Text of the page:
Martha Dalton

Reporter, Fill-in Host

Martha Dalton is a native of Atlanta, Georgia. She came to WABE in May 2010 after working at CNN Radio. 

Martha covers education and immigration issues in the metro Atlanta area and statewide. She also reports on how federal education policy is enacted at the local level. She has covered the DeKalb County school district extensively, including governor’s recent decision to replace six board members. She reported on the indictment of 35 former educators in the Atlanta Public Schools.  Martha has worked in partnership with NPR and its StateImpact project on reporting key educational issues, such as the implementation of the Common Core State Standards. She is also a contributor to the NPR show LatinoUSA and American Public Media's Marketplace Morning Report

Martha has worked for radio stations in Atlanta, Savannah, and Charleston, S.C.  In her former life, she worked for ten years as a teacher and reading specialist for students in grades K-12. She has a bachelor’s degree from Furman University and a master’s degree from Georgia State. 

You can follow Martha on Tumblr and Twitter

Ways to Connect

Attorney General Sam Olens speaks during a news conference announcing a new campaign targeting sex trafficking, Monday, March 18, 2013, in Atlanta.
David Goldman / Associated Press

The Georgia Board of Regents Wednesday approved the appointment of Attorney General Sam Olens as the new president of Kennesaw State University. Regent Larry Walker abstained from the vote because of a business conflict, but the rest of the board members agreed Olens should be KSU’s next leader.

That didn’t sit well with some in attendance, like Christine Ziegler. She’s a KSU psychology professor and Georgia representative for the American Association of University Professors.


A group calling itself “Morehouse Alumni,” has launched an online petition asking the Board of Trustees to oust the school's president. The document says Morehouse is in “great turmoil,” and blames President John Wilson Jr.'s  administration for alienating alumni, a drop in enrollment and poor fundraising efforts.


If voters approve Gov. Nathan Deal’s school takeover plan next month, it would break some new legal ground. That came up in a panel discussion on the proposal at Georgia State University’s College of Law Monday.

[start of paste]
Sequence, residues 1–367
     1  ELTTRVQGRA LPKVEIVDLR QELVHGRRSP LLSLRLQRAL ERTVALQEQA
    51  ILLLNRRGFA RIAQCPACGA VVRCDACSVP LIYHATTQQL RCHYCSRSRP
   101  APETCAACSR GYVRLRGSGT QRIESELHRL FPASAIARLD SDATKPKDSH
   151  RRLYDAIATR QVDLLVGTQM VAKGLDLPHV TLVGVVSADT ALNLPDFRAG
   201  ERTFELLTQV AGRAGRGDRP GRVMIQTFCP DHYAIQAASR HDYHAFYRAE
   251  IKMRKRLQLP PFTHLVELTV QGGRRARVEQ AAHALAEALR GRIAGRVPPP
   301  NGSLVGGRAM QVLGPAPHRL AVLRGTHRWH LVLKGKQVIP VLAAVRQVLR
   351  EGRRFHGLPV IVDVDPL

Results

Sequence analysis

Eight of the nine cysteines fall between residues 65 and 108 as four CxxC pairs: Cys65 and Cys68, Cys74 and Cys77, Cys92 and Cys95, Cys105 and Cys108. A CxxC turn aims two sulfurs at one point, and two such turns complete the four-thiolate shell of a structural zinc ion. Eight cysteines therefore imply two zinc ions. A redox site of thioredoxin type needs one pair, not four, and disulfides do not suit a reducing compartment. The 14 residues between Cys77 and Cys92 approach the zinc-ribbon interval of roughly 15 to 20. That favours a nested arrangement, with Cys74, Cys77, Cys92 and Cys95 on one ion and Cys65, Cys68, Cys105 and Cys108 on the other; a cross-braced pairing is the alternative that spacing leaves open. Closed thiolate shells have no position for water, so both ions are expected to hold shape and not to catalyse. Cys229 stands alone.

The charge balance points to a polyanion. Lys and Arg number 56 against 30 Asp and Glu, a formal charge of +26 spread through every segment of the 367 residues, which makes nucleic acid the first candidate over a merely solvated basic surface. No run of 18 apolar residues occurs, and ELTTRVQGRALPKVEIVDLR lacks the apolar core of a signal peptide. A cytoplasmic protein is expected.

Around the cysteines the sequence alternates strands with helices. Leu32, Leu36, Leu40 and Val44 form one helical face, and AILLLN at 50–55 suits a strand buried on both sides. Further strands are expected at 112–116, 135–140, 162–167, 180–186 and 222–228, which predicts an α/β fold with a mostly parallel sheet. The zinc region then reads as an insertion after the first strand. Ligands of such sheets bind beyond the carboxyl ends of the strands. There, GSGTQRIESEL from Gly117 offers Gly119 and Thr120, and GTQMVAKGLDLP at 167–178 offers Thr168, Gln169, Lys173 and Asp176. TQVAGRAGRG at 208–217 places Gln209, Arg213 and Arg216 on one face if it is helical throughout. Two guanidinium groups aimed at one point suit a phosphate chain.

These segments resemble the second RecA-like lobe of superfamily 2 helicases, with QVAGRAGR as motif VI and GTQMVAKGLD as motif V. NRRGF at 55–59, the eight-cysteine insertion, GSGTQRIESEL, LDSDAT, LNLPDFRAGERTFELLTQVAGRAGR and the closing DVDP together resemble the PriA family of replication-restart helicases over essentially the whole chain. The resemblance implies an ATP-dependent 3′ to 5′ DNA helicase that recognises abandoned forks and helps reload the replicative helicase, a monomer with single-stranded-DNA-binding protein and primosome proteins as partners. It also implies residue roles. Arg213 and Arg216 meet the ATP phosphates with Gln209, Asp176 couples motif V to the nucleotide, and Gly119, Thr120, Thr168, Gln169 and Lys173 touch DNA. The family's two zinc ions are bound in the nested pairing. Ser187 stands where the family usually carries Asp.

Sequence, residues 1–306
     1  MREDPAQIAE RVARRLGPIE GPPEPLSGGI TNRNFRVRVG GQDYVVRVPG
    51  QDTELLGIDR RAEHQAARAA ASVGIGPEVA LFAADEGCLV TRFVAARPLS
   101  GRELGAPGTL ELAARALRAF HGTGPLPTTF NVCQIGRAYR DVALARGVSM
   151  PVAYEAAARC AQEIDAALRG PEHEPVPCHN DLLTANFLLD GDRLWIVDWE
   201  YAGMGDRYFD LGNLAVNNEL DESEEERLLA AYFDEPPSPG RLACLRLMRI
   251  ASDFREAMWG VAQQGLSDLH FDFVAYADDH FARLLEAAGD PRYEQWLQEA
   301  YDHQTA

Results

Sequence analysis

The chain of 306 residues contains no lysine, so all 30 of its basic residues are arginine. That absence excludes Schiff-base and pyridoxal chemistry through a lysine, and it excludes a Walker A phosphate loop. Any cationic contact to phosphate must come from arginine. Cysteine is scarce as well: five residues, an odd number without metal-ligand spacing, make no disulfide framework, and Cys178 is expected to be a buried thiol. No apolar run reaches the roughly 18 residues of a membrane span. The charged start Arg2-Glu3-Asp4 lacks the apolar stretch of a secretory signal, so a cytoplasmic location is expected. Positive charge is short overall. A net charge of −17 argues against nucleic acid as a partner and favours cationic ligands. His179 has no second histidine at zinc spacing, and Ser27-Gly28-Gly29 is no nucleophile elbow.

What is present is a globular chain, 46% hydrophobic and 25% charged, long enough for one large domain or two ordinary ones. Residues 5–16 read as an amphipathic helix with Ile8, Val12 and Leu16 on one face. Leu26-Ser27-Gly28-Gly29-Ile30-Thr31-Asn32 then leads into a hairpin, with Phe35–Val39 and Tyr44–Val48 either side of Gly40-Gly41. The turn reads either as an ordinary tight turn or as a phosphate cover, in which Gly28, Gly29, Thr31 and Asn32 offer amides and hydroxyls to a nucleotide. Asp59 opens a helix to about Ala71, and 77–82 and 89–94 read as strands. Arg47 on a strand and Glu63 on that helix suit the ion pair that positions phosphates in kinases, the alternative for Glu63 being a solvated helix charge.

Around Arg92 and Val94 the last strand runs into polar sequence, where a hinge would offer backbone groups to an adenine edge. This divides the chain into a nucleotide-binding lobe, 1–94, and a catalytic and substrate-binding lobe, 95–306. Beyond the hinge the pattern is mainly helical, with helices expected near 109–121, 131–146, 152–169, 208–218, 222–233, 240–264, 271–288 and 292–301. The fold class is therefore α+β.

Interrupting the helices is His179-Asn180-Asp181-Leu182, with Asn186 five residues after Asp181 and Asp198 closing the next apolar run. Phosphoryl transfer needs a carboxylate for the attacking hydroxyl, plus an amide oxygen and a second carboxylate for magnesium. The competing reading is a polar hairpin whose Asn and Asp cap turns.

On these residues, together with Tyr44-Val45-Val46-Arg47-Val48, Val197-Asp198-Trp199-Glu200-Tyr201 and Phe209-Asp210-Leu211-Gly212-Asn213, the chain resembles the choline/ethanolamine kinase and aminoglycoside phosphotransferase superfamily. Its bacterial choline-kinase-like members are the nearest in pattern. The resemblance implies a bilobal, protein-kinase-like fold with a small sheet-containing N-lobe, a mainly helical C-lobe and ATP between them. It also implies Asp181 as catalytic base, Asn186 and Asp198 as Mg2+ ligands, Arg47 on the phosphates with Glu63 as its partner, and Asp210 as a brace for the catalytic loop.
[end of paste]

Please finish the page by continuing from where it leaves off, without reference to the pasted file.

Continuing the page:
The plan, also called Amendment One, would let the state take over some low-performing schools. That would mean a shift of governance, according to Tanya Washington, an education law professor at Georgia State University.

Martha Dalton / WABE

In her State of the District address Friday, Superintendent Meria Carstarphen said students in the Atlanta Public Schools have made gains, but there’s still room for improvement. Some students helped deliver part of her message through hip-hop and rap music. They entered the auditorium at Martin Luther King Jr. Middle School singing "My Shot" from the Broadway musical "Hamilton." 

The theme of Carstarphen's address was “transformation.” That’s what she said she was hired to do: transform APS into a successful district. And she admitted it hasn't been easy.

Martha Dalton / WABE

Money is a big sticking point in the battle over Gov. Nathan Deal’s proposed school takeover plan. Voters will be asked next month whether the state should be able to step in and run schools it considers “chronically failing.” The plan involves moving some tax dollars from local school districts to the state.

The proposal would create an “Opportunity School District,” a statewide school system made up exclusively of low-performing schools. All the money those schools get — in local, state and federal dollars — would shift to the new state-run district.

Elly Yu / WABE

The Coweta County district attorney announced this week he will not pursue charges in the Taser-related death of Chase Sherman. But Sherman’s family members say they still want justice for him.

Sherman began behaving erratically while driving with his family from Atlanta to their home in Florida. Unable to calm him, his family called 911.